Tuesday, January 13, 2009

The architecture of advertising

My brother, who is studying architecture once told me that one cannot design a building without knowing its purpose. Similiarly, you can't create an ad without a strategy.

Creative without strategy is called 'art.' Creative with strategy is called 'advertising.'” - Jef I. Richards (US advertising professor). The marketing team from the client's side and the account management team from the agency's side usually decide on the perfect strategy and consequently, the brand message. Depending on the creative team and the target audience, the same brand message maybe be treated differently. What happens when the creative rendition of the same brand attribute of a similiar service is radically different in two different countries?

Take the example of Hutch and Verizon Wireless. Both are cellular service providers with the same USP - great connectivity. Both are major players in their respective markets, India and US.

What O&M did with Hutch is legendary. The year was 2003. The basic concept was a boy with a dog which followed him everywhere, kind of like Mary's little lamb. This idea was spread across a series of TVC, print and every other media possible. What followed were awards, accolades and a significant increase in the sales of the dog, a solemn looking pug. The tagline was "wherever you go, our network will follow". The dog was a powerful visual aid symbolising the network and eventually became the Hutch mascot. The TVC was devoid of any unecessary conversation, a lilting background score not only made the campaign entertaining, but also pushed up the brand recall.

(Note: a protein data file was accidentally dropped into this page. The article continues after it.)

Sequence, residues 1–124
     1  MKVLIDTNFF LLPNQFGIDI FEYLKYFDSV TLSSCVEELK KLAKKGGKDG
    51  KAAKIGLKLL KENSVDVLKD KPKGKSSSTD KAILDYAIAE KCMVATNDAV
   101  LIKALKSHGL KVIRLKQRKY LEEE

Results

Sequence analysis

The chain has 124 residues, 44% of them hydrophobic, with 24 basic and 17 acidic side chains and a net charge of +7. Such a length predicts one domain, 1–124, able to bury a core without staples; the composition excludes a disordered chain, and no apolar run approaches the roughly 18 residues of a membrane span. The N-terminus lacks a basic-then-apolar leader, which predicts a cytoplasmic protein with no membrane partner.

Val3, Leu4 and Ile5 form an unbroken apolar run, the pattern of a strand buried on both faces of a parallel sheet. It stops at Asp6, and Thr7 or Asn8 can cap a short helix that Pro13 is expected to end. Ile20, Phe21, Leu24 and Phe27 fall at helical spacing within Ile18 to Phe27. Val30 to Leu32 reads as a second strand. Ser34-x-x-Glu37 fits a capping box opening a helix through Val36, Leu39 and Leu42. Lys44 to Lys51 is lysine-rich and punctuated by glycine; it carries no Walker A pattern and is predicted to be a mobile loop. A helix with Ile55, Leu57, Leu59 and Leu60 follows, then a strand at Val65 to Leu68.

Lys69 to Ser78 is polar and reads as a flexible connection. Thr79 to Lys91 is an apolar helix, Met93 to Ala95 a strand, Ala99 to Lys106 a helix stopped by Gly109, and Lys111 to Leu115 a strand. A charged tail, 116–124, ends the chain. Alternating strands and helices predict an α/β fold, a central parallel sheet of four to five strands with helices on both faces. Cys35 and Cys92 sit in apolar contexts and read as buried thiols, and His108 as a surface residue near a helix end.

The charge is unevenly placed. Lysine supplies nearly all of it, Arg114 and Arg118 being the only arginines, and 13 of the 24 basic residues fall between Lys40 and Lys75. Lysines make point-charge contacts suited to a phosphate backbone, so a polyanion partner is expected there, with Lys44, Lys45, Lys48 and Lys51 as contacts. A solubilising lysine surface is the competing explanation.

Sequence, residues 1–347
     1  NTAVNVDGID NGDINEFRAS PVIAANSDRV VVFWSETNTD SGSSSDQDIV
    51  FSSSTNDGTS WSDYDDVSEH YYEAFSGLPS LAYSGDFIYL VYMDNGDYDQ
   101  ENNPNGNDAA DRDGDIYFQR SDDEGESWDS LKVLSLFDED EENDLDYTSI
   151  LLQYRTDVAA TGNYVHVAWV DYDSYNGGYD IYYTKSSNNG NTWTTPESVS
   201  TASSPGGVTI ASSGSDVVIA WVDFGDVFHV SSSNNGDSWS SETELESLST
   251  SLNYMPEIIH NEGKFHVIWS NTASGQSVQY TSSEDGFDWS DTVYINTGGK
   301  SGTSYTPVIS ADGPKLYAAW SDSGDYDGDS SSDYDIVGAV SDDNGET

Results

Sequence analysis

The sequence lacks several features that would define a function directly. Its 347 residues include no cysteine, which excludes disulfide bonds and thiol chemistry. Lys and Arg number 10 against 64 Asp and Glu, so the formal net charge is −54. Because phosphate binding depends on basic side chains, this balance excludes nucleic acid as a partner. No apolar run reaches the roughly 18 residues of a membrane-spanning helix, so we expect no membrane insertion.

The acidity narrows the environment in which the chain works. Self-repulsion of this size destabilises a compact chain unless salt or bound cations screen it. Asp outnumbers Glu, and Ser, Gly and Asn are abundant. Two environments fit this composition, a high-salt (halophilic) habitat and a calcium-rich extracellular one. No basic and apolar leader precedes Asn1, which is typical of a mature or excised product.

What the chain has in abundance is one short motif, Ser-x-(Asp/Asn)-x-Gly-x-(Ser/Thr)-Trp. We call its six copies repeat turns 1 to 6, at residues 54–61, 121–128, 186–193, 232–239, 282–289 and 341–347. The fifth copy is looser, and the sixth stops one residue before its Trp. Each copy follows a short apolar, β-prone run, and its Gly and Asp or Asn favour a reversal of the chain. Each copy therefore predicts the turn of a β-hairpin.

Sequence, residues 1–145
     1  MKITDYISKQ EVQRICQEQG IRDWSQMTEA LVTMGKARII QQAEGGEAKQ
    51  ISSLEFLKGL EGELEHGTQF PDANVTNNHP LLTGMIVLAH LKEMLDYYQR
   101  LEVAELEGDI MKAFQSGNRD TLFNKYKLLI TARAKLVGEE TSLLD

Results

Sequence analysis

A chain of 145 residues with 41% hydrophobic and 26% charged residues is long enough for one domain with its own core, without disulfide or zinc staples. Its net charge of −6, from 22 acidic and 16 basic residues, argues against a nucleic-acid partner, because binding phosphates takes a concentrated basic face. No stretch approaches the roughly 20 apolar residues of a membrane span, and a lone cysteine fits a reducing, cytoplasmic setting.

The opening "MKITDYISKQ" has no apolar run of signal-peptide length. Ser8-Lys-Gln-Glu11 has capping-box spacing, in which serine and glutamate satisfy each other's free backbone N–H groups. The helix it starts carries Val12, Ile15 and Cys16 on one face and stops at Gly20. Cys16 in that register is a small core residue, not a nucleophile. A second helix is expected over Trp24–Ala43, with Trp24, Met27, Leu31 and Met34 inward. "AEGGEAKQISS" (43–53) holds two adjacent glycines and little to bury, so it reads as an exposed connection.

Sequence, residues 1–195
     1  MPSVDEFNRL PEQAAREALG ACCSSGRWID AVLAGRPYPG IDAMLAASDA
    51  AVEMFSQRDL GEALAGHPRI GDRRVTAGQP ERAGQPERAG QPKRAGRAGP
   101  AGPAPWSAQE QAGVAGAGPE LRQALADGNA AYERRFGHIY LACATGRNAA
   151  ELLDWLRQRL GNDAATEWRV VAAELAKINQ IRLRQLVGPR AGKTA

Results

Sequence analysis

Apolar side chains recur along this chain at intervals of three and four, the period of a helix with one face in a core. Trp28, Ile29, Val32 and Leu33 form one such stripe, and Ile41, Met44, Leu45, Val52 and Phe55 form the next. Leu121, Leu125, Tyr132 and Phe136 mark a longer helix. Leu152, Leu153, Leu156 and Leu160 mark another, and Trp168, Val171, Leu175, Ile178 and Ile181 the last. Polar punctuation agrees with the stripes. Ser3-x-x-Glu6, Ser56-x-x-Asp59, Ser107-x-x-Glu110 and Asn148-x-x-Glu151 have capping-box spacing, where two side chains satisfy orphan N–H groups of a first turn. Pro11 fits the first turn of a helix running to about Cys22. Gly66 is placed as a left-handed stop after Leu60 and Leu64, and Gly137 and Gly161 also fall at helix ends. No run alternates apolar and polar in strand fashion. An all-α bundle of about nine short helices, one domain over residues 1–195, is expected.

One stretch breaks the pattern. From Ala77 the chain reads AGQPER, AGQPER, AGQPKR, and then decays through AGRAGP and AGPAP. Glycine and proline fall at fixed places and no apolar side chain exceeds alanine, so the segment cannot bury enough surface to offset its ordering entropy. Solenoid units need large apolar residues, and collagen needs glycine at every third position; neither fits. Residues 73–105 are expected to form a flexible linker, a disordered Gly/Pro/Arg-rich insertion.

Did it work? According to Businessworld, "Hutch saw its subscriber base shooting up by over 70 per cent right after the campaign broke."

McCann-Erickson, armed with a simliar brief for Verizon Wireless created a TVC, with parodies of horror movies and ghoulish looking characters trying to scare a person with tales of a Dead Zone, who calmly responds that he or she has Verizon, and then the slogan appears, "Don't be afraid of Dead Zones". The scare lingers and the message is crystal clear. The brand attribute is understood and brand recall is very high.

Did it work? The ad was released in June 2008 and an October 27, 2008 issue of the New York Times says "Verizon Communications' stock price jumped 10.1 percent Monday on news that profit increased 31 percent for the third quarter, buoyed by surprising gains in the number of new wireless customers. Verizon Wireless added 2.1 million customers in the quarter — to total 70.8 million." Please keep in mind the economic condition of 2008 when you read this.

The premise of the Hutch campaign could in no way be called anything like that of the Verizon campaign. The campaigns proved that similiar strategies can have dissimiliar execution with exceptional results in both cases.

Here I must add that Vodafone acquired Hutch in 2007 in India and Verizon Wireless is a joint venture of Verizon and the Vodafone Group. Seems like network supremacy is the motto for this telecom giant.

One from each of the series of Pug Ads and the Dead Zone Ads for you to get an idea


  1. these 2 examples reinforce the fact that you have to tune your advertisement(read marketing strategy) keeping in mind the target audience.

    the target audience plays the most essential role in determining how a strategy will shape up. the social, economical and cultural aspects of the consumer/target audience needs to be taken into consideration while formulating a strategy.

    the hutch ad was successful cause it was simple.
    “Simplicity is the ultimate sophistication.”- da Vinci.

    btw, i am curious to know,
    what would have happened if the 2 ads were interchanged - meaning deadzone for india and pug for usa.

    i know its a hypothetical question, but just wanted to explore the possibilities.

  2. IMO, if the 2 ads were interchanged, it may not have worked. India as a market is more into feel-good entertainment bordering on escapism....not to mention that translating the word "dead-zone" into 18 different languages would have been a pain in the ass and maybe, impossible!